The Tyrannosaurus Rex's Bite attack reads as follows:

Bite. Melee Weapon Attack: +10 to hit, reach 10 ft., one target. Hit: 33 (4d12 + 7) piercing damage. If the target is a Medium or smaller creature, it is grappled (escape DC 17). Until this grapple ends, the target is restrained, and the tyrannosaurus can't bite another target.

Unlike 3.5e there doesn't seem to be any option to try to swallow the creature at this point. But it seems unlikely that the dinosaur would just hold/restrain the victim in its mouth. It says the tyrannosaurus can't bite another target, but can it keep biting the same target?

A logical guess would be that it does another 4d10+7 damage the next turn, without having to roll to hit, since it is already holding the creature between its teeth.

RAW though, I think that the dinosaur would still have to roll to hit, with advantage due to the victim being restrained.

What do you think the answer is RAW, and what would you rule as a DM?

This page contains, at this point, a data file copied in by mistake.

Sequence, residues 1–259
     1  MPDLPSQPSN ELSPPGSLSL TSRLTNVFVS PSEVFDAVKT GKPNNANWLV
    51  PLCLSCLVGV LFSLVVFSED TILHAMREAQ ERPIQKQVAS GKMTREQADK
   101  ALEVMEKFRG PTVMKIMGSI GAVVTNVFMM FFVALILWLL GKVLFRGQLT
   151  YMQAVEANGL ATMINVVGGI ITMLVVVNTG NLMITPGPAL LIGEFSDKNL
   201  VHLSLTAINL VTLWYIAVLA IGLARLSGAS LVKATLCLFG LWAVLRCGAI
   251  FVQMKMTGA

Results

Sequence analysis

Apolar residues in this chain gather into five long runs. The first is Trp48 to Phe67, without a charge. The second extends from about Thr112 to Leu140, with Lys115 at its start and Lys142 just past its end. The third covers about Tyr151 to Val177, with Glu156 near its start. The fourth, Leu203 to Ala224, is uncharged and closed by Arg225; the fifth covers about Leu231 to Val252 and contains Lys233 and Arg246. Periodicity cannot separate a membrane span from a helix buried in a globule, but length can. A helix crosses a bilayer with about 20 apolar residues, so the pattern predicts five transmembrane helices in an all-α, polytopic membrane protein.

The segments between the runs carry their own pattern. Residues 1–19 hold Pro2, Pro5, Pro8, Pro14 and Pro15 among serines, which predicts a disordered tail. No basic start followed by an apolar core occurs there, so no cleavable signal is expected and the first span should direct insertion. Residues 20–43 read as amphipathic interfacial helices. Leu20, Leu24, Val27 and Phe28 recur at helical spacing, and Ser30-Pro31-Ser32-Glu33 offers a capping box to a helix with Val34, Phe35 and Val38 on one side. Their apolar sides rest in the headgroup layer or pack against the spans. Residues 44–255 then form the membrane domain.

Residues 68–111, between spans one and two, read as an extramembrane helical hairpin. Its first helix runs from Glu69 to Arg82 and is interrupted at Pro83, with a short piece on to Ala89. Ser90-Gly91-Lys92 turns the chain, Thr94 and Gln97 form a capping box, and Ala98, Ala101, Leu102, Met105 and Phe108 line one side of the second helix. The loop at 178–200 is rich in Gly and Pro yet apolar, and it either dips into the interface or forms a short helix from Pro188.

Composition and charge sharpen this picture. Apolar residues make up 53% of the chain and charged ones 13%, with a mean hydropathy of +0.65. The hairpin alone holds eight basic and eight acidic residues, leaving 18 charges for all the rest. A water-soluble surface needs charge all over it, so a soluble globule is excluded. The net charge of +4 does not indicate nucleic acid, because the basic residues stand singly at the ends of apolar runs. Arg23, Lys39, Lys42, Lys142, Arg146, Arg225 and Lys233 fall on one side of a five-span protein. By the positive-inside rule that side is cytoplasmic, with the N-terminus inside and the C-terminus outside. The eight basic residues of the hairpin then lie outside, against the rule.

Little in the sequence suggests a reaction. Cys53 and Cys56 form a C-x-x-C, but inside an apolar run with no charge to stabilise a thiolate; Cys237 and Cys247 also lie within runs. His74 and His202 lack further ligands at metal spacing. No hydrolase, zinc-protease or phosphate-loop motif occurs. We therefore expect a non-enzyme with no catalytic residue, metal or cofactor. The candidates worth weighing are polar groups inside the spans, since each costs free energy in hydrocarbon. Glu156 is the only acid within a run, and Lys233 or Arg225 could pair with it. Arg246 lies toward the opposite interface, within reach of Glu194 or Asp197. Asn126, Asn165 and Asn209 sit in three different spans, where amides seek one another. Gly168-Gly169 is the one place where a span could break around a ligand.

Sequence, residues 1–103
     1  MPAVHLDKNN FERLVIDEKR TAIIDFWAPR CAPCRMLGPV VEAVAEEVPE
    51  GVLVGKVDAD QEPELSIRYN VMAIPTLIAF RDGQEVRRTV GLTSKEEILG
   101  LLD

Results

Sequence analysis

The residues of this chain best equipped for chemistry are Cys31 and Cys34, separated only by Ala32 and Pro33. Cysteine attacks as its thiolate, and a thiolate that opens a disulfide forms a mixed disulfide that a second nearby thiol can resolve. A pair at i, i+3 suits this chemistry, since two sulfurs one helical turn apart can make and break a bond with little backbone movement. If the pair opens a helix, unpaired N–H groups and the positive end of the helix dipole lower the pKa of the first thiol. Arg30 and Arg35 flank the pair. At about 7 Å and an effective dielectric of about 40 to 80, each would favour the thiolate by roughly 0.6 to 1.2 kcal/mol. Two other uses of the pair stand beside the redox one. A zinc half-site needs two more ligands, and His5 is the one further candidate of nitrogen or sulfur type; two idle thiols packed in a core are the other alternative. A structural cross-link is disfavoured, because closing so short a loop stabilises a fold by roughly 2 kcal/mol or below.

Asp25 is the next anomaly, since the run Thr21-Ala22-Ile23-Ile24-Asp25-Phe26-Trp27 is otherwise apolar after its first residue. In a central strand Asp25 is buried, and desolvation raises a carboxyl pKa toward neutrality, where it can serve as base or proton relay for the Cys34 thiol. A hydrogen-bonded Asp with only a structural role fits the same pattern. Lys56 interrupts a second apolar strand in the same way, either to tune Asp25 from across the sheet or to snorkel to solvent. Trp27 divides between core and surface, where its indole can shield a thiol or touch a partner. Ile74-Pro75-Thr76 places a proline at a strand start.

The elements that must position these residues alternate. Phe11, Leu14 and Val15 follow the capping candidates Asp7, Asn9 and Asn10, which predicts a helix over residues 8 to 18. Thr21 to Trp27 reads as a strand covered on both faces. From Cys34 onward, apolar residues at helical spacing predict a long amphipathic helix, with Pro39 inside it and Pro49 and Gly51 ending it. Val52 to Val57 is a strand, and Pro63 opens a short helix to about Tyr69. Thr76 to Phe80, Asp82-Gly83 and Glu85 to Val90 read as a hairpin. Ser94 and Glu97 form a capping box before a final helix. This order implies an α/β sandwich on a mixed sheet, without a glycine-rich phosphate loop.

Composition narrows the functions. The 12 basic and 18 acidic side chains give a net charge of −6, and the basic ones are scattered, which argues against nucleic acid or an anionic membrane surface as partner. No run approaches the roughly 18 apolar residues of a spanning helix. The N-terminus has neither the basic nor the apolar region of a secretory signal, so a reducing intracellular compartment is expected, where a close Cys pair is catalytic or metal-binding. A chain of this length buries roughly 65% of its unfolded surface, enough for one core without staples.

1 Answer 1


The rules are pretty clear. The T-Rex can't bite another target, but there's certainly nothing stopping the T-Rex from biting the target it has in its mouth. Unlike, for example, the Stirge, the T-Rex doesn't have an auto-hit on a creature it is grappling, so it still has to roll to hit (with advantage, because of the restrained condition).

As far as what I would rule as a DM, I generally don't make rulings that contradict the rules unless I see a good reason for it. In this case, I'd probably say that a T-Rex has a pretty big mouth, and there's always a chance to roll out of the way of its teeth. I wouldn't convert its bite attack to an auto-hit, personally, unless I deliberately wanted to make it more dangerous. (And I think there's more interesting ways of doing that.)


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